When Tweety Carter became the first McDonald's All-American whom Baylor landed, he had no idea he was about to be used as the centerpiece of a controversial recruiting campaign.
Of course, Carter also didn't realize that his ambitious head coach had positioned himself as the most polarizing figure in Big 12 basketball almost from the moment he walked on campus.
Scott Drew often has taken the unorthodox path, and he's drawn the ire of fellow coaches more than once. But, as his Baylor Bears descend on Kansas City, Mo., for the Big 12 tournament as the No. 3 seed, their highest seeding ever, Drew just might boast the conference's most complete club outside Lawrence, Kan.
With an explosive offense, a well-executed zone defense and a roster full of experienced upperclassmen and younger role players, the Bears are legitimate contenders to make a Sweet 16 run in what will be their second NCAA tournament in Drew's seven seasons.
Recruiting at all costs
As a 32-year-old with choir boy looks, Drew took over the depleted and demoralized Bears program in 2003 in the wake of the Patrick Dennehy murder and scandals surrounding former coach Dave Bliss, knowing he would have to sell top recruits hard if he wanted to compete in the Big 12.
For example, Drew mailed a flier to recruits that showed a picture of him standing between former Texas Tech coach Bob Knight and former Texas A&M coach Billy Gillispie with a caption that read: "Which of these Big 12 coaches has signed a McDonald's All-American?"
A big, red X was stamped across Knight and another across Gillispie. That tactic, along with other negative recruiting mailers throughout the years, has infuriated some conference coaches.
Drew apologized for the flier, but only after Knight cornered him in a bathroom during Big 12 Conference meetings and told him the coaching profession doesn't operate that way. Drew hasn't surrendered his aggressive approach, a recruiting style that one source familiar with the conference deemed "the most negative recruiting in the country."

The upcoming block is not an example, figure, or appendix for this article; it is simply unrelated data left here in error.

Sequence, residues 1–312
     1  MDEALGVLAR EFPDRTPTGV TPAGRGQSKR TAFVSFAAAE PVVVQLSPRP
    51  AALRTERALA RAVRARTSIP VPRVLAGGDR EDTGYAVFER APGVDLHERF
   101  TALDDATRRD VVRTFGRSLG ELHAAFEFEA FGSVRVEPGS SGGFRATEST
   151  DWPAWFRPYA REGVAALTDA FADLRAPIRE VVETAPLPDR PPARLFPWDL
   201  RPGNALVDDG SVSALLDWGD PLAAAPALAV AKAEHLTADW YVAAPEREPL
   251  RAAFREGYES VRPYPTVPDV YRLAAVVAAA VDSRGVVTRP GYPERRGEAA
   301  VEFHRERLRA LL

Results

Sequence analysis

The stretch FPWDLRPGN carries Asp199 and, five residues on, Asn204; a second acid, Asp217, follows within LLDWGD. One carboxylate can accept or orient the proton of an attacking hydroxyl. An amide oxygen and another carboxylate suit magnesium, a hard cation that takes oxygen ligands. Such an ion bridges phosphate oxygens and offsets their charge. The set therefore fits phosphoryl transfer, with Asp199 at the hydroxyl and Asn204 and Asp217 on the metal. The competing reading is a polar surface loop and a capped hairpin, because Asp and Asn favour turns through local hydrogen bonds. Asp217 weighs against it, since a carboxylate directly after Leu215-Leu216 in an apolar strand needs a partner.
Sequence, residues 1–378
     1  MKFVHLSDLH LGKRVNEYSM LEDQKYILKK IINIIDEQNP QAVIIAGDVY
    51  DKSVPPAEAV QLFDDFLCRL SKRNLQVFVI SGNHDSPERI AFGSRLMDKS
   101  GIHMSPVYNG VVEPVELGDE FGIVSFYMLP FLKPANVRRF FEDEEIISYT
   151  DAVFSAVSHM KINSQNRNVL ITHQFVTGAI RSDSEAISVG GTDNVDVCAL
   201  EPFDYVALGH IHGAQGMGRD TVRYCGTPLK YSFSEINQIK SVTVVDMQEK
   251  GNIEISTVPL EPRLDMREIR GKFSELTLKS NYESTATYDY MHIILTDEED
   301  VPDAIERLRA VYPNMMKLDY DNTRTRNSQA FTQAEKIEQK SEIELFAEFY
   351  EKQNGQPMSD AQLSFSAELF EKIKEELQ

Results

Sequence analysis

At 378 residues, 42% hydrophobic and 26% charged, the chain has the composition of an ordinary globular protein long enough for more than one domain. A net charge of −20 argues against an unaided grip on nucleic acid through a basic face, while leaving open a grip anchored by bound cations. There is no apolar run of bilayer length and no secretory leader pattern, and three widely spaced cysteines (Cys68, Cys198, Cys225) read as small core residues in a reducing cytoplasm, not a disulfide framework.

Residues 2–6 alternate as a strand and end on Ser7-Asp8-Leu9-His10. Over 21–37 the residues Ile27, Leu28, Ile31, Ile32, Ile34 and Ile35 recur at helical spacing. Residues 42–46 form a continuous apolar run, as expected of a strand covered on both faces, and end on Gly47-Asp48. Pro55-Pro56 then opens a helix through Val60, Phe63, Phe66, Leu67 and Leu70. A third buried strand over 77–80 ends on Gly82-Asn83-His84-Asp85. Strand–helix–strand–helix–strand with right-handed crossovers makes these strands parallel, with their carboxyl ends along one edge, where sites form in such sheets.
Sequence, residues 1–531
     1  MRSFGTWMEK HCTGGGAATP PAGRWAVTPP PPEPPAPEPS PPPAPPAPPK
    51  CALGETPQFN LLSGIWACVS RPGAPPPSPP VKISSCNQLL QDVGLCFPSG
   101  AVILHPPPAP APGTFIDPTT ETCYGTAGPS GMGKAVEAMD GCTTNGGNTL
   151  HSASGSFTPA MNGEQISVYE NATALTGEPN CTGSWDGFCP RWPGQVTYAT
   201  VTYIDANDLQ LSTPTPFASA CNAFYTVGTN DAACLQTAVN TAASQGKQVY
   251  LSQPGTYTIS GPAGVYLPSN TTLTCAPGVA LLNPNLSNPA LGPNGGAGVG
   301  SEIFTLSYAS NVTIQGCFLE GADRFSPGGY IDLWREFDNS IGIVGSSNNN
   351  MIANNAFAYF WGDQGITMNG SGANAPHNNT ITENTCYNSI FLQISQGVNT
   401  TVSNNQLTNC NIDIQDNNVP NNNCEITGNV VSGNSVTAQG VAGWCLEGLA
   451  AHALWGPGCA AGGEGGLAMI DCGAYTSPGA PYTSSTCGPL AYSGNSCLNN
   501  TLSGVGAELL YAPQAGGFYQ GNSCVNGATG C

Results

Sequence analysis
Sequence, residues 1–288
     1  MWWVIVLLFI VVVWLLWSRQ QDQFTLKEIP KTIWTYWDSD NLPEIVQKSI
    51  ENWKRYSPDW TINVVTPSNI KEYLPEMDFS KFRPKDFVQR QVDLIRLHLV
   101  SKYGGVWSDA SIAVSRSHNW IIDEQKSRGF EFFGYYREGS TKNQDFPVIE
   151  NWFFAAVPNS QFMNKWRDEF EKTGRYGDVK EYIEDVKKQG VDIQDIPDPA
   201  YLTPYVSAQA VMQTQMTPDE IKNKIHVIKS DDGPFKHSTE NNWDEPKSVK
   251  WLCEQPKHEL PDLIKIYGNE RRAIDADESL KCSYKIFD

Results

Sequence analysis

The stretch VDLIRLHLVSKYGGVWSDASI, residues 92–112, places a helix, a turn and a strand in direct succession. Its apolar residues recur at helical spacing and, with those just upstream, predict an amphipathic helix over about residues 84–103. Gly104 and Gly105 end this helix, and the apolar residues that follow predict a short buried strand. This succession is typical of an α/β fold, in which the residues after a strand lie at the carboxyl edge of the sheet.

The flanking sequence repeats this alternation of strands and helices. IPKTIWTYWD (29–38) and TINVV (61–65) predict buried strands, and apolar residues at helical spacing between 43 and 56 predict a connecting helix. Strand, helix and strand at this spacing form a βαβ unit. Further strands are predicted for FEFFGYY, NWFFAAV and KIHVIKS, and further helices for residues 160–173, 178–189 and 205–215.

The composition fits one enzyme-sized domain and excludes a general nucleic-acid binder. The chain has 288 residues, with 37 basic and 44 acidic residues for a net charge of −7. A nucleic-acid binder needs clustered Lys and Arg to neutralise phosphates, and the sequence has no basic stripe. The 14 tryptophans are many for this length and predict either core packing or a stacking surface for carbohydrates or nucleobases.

"I feel basketball coaching is like so many other professions, extremely difficult, competitive and challenging, and I just know our staff tries to do things the right way, and we try to treat people how we we'd like to be treated and try to respect people like we'd want them to respect us," Drew said. "The more tradition a program has, the easier sometimes it is to recruit to that university."
At last year's Big 12 tournament, Texas coach Rick Barnes had harsh words for Drew, stemming from Drew's hiring of Dwon Clifton as director of player development, a newly created position. Clifton happened to be the AAU coach of Kentucky freshman superstar John Wall. Although Drew isn't the only coach adding AAU coaches to his staff, many consider it a shady practice. It ultimately did not pay off in Wall's recruitment, but Barnes made it clear he didn't like it.
"There's a line that he knows that he can't cross with me," Barnes told The New York Times. Asked whether he had anything else to say about Drew's recruiting practices, Barnes said, "I wish I could."